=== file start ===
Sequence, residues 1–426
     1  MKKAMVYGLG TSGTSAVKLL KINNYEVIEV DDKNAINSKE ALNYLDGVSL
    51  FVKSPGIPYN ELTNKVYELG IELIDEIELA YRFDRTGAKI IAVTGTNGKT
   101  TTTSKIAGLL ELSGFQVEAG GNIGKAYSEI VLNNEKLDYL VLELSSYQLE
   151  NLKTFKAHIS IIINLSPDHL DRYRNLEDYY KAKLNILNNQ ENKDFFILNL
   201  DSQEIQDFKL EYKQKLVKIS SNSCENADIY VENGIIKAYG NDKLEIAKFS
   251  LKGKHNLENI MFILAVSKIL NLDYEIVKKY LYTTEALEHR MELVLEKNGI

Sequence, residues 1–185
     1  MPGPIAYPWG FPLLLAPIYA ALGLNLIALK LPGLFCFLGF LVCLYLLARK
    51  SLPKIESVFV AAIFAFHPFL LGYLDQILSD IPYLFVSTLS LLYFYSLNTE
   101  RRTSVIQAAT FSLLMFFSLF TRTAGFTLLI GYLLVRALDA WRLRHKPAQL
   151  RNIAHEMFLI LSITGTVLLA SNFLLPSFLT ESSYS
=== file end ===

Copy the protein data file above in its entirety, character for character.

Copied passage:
Sequence, residues 1–426
     1  MKKAMVYGLG TSGTSAVKLL KINNYEVIEV DDKNAINSKE ALNYLDGVSL
    51  FVKSPGIPYN ELTNKVYELG IELIDEIELA YRFDRTGAKI IAVTGTNGKT
   101  TTTSKIAGLL ELSGFQVEAG GNIGKAYSEI VLNNEKLDYL VLELSSYQLE
   151  NLKTFKAHIS IIINLSPDHL DRYRNLEDYY KAKLNILNNQ ENKDFFILNL
   201  DSQEIQDFKL EYKQKLVKIS SNSCENADIY VENGIIKAYG NDKLEIAKFS
   251  LKGKHNLENI MFILAVSKIL NLDYEIVKKY LYTTEALEHR MELVLEKNGI

Sequence, residues 1–185
     1  MPGPIAYPWG FPLLLAPIYA ALGLNLIALK LPGLFCFLGF LVCLYLLARK
    51  SLPKIESVFV AAIFAFHPFL LGYLDQILSD IPYLFVSTLS LLYFYSLNTE
   101  RRTSVIQAAT FSLLMFFSLF TRTAGFTLLI GYLLVRALDA WRLRHKPAQL
   151  RNIAHEMFLI LSITGTVLLA SNFLLPSFLT ESSYS